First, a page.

Managers and project managers are often told that “engaging stakeholders” is critical to success. However, they rarely receive guidance on what it means or how to “engage stakeholders.” It is similar to when I started practicing yoga, the teacher told us to “release our sacrum.” I had no idea that I had a sacrum, let alone how to “release” it.
In this article, I describe tangible practices for working with project and operational stakeholders. While the article is written from a project perspective, the lessons are broadly applicable.
My previous article, Know Your Stakeholders, describes how to identify and understand them. Engaging stakeholders is the next step in the stakeholder management process.
Engage is defined as “involving someone’s interest or attention.” To engage stakeholders, we must understand their interests and communicate with them to address their needs. A valuable byproduct of this process is building productive relationships across the project community.
Effective communications are the cornerstone of stakeholder engagement. The Sender-Receiver Model provides important insights into the communication process and highlights the critical role of the message sender (e.g., the project manager):
- The sender is responsible for ensuring that communications are effective;
- The message and the medium should be calibrated and selected to optimize its effectiveness;
- The process is not complete until the sender receives affirmation that the message has been understood.
Ineffective communications may result in tragic outcomes. Reviews of the Space Shuttle Challenger explosion found that poor communications played a significant role. The Morton Thiokol engineers, that built the rocket engines, knew that it was too cold to launch the shuttle; but they failed to clearly convey that information to the NASA program managers.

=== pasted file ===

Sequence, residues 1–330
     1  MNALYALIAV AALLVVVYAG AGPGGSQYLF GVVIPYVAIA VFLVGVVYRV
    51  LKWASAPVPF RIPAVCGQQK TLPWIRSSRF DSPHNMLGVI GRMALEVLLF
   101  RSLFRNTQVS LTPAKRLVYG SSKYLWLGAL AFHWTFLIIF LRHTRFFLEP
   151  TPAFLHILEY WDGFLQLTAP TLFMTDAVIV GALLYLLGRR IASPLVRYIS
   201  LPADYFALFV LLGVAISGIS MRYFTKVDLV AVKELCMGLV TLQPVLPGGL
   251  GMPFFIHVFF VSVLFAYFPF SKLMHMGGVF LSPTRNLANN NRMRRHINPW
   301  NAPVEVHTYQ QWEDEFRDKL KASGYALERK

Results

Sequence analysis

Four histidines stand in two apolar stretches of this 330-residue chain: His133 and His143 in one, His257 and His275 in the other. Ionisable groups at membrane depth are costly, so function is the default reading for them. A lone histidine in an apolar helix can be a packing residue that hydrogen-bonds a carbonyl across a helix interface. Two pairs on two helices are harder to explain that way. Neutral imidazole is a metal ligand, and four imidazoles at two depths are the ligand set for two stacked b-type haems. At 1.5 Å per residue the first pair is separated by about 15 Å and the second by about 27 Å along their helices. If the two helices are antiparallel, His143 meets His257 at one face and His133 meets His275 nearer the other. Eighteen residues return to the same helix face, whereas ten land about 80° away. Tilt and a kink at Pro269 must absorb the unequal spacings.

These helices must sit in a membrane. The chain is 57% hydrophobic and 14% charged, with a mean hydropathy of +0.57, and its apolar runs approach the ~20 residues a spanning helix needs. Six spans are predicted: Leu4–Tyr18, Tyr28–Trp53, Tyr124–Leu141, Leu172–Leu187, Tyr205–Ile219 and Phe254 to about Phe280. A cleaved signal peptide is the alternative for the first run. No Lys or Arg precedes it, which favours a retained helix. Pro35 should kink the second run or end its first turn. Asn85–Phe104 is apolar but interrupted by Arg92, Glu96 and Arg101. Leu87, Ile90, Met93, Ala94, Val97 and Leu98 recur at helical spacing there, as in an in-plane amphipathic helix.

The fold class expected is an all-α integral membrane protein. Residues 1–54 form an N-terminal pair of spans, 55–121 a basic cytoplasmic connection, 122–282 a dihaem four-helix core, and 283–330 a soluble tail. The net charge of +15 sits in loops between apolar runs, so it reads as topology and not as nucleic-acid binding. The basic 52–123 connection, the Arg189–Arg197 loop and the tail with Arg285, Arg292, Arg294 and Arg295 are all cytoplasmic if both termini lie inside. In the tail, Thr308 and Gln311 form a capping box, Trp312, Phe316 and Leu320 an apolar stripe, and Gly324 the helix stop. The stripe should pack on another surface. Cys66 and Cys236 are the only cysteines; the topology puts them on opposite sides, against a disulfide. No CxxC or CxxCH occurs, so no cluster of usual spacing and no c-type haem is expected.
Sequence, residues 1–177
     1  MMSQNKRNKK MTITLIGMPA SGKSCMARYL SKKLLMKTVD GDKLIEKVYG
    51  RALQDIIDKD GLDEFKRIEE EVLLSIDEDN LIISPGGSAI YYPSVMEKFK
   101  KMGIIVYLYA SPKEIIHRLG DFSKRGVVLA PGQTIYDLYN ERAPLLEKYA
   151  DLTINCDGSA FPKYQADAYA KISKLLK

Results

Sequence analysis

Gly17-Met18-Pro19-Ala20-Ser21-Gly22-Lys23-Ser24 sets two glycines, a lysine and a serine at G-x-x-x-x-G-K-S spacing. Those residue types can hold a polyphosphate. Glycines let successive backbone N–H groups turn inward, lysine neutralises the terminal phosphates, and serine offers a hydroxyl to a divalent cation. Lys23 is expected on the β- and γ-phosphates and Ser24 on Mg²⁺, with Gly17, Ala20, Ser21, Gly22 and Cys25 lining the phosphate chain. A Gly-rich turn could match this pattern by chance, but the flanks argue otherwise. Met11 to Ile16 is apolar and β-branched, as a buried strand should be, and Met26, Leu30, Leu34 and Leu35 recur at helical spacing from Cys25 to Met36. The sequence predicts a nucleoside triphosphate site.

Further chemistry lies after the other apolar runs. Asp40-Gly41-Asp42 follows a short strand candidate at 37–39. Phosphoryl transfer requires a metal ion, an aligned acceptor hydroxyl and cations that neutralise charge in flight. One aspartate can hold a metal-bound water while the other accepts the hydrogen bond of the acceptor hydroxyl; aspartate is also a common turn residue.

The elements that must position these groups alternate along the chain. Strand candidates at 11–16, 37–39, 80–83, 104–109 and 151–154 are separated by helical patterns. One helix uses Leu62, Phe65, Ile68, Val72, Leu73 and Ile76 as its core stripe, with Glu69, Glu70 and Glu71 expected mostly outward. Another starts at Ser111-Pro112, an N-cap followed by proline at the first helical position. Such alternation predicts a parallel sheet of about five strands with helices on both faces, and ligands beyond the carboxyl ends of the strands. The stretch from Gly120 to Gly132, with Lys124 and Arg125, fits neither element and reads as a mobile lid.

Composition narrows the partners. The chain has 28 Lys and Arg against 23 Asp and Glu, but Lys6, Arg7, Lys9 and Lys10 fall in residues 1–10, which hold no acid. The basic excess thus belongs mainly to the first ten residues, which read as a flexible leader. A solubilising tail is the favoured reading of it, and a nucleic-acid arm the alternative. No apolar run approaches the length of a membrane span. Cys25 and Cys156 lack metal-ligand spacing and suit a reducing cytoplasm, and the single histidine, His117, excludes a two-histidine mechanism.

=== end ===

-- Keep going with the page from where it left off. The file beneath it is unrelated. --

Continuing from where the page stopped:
Selecting the best method requires understanding the intended depth versus breadth of communication and the richness of the communication channel:
- Electronic communications (e.g., email, website updates, etc.) are best when simple information needs to be broadly communicated, such as announcing the time for a meeting. However, email is ineffective for complex communications such as problem-solving;
- Face-to-face, telephone, and video conferences are preferred for complex communication and problem solving, but not efficient for transmitting information broadly.
Research published in the Harvard Business Review confirms that face-to-face is best for negotiating or solving problems.
What? Who? When?
Deciding what needs to be communicated, to whom, and when is a key aspect of stakeholder and communications management. Communications are a series of concentric circles from the project team to executive leadership and beyond. The content is similar, but the frequency and level of detail changes. Better engagement is an outcome of tailoring communications to the stakeholders’ needs.
The project team includes those working directly on the project. They should have a daily meeting to check progress, coordinate activities, and identify issues. The daily stand-up meeting is an effective and efficient way for achieving these goals.
Leadership includes the managers whose teams are working on the project. This group should have a regular weekly meeting. The objective is to create transparency, accountability, and coordinate resolution of issues that require their attention.
This meeting should be 30- to 60-minutes long. The project manager should address the critical aspects of the project:
- Is the project on track?
- Are there any critical issues? If so, what is being done to resolve them?
- Are there any significant risks? If so, what is the response strategy?
- What is needed from the leadership? If actions are required, the project manager should present the request.
Executives are generally most concerned with the project’s performance against the triple constraint—scope, schedule, and cost. Sending them a concise, weekly, or bi-weekly written status often fulfills this need.